The Pollution Paradox
The last straw is not plastic
By Amanda King
In addition to the stimulating social game of violently debating politics and religion, Americans tend to enjoy sporadically finding an environmental issue to rage over for a short but intense period.
Recently, this imminent environmental concern has been the use of plastic straws. By recent, I refer to this past summer when every major social media platform had users on a crusade to convince followers to buy their reusable metal straws.
If you are like me and don’t really use plastic straws often enough to justify the risk in ordering from a random influencer on Instagram—or are maybe just smart enough not to—you probably just scrolled past these silly advertisements, even the ones that included their own portable carrying case!
By far, however, the most enthusiastic commonality between every advertisement I saw was the tagline: “Save the Turtles!”
So while I was seeing dozens of these ads every day, it occurred to me that we have much larger ecological catastrophes looming. Why then was it straws that were trending? What about the unassuming and often necessary cylindrical tube was suddenly so bad that we as a society needed to immediately rush to grab our credit cards and order some reusable straw?
I assumed the answer simply had something to do with the plastic element. After all, even Starbucks was now against the use of straws, choosing to ditch their plastic straws in favor of lids (lids made of even more plastic than the straws so riddle me that).
But this didn’t really explain the correlation between plastic straws and dead turtles.
The involvement of turtles in the anti-straw movement traces back to a single video filmed by marine biologist Christine Figgener and her research team. The video, showing a graphic straw extraction from a turtle’s nose, is understandably heartbreaking to watch.
And though it took three years for it to go viral, by God did it explode among America’s population. So we, as Americans, did what we have been trained by social media platforms to do: we demanded a change.
This demand was aimed at large corporations—some of which rose to meet the public outrage, like the aforementioned Starbucks. Elsewhere, Seattle became the first city to ban plastic straws completely, and most restaurants in the U.S began instructing wait staff to withhold straws unless specifically asked for by customers.
While the new anti-plastic straw movement is clearly an environmental positive, I can’t help but wonder how much the use of plastic straws is really hurting our planet.
Think about it: what harm is it really to drink liquid through a plastic tube?
The answer is none because simply using a straw isn’t the real issue. It’s where that straw goes after you’re done using it. A metal straw could get stuck inside a turtle’s nose just as easily as a plastic one if you throw it into the ocean!
The United States alone produces approximately more than 260 million tons of trash each year, about 13 percent of which is plastic waste. Even Figgener admits that plastic straws make up around four percent of the nine million tons of annual plastic pollution found in oceans.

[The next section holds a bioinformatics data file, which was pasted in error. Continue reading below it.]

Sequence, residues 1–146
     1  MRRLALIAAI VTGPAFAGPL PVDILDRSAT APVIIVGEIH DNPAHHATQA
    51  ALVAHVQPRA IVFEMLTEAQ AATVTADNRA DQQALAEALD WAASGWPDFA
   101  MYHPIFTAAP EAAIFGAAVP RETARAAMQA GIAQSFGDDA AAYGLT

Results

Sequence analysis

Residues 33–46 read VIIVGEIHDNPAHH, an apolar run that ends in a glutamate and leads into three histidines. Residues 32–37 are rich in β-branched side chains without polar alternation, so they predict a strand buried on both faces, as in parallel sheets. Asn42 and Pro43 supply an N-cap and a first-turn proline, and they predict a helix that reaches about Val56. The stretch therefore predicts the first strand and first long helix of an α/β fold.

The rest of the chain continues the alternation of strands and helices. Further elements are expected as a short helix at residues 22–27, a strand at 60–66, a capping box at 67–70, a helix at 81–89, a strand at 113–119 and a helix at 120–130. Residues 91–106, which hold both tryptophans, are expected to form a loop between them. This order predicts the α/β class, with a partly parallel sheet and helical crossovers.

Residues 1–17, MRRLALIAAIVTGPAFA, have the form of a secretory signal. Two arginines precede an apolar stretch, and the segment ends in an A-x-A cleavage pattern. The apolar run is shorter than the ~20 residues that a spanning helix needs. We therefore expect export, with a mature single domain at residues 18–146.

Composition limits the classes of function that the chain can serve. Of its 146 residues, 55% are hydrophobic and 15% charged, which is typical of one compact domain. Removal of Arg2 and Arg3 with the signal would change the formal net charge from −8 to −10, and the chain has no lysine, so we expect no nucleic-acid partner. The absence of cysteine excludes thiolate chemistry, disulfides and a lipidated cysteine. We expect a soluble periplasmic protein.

Given that this is not by any means a majority of and definitely not the most dangerous type of garbage to make its way to the world’s oceans, I think it is safe to say that refusing a straw from your waiter the next time you go out to eat won’t save anyone.
The obvious environmental problem is not the use of plastic straws, or even plastic in general—it’s how they are disposed of.
Waste disposal methods vary across different countries, and even different areas of the U.S. require certain considerations.
According to the U.S. Environmental Protection Agency’s archive, what little percentage of our garbage that is reusable gets recycled, while everything else either goes to landfills—which often drains into oceans—or is subject to combustion—which entails an entirely new set of brutal, lethal impacts to our atmosphere.
And that’s just America. Other countries have even worse disposal methods: China, for example, has little to no processes in place for garbage disposal. Revealed in a CNBC Original documentary, trash is either littered all over the streets or loaded into trucks that dump just outside the city of Beijing—and commonly are looted.
But all hope isn’t lost yet: Sweden has developed a waste-to-energy solution for garbage wherein it is burned to power electricity and heating, while the remaining ash is recycled into metals used for construction. This method has become so effective, in fact, that Sweden now has to import trash from neighboring European countries, as per “The New York Times.”
While it’s great that everyone wants to eliminate plastic straws to prevent further harm to animals and the environment, there are more effective ways to protect our Earth. Figgener herself has made it clear that she never intended the video she made to become the be-all-end-all motivation for environmental improvement. In fact, she even calls it “a good place to start fighting ocean waste.”
I’m still not entirely behind the anti-plastic movement, as I don’t see the elimination of all plastic materials realistically feasible.
But even I can admit that this plastic straw craze has opened the door for a more in-depth conversation about our waste disposal system—a necessary discussion if we want the planet to survive us.
So the next time someone tries to shame you for using a plastic straw, wisely remind them of the bigger environmental problems plaguing our Earth.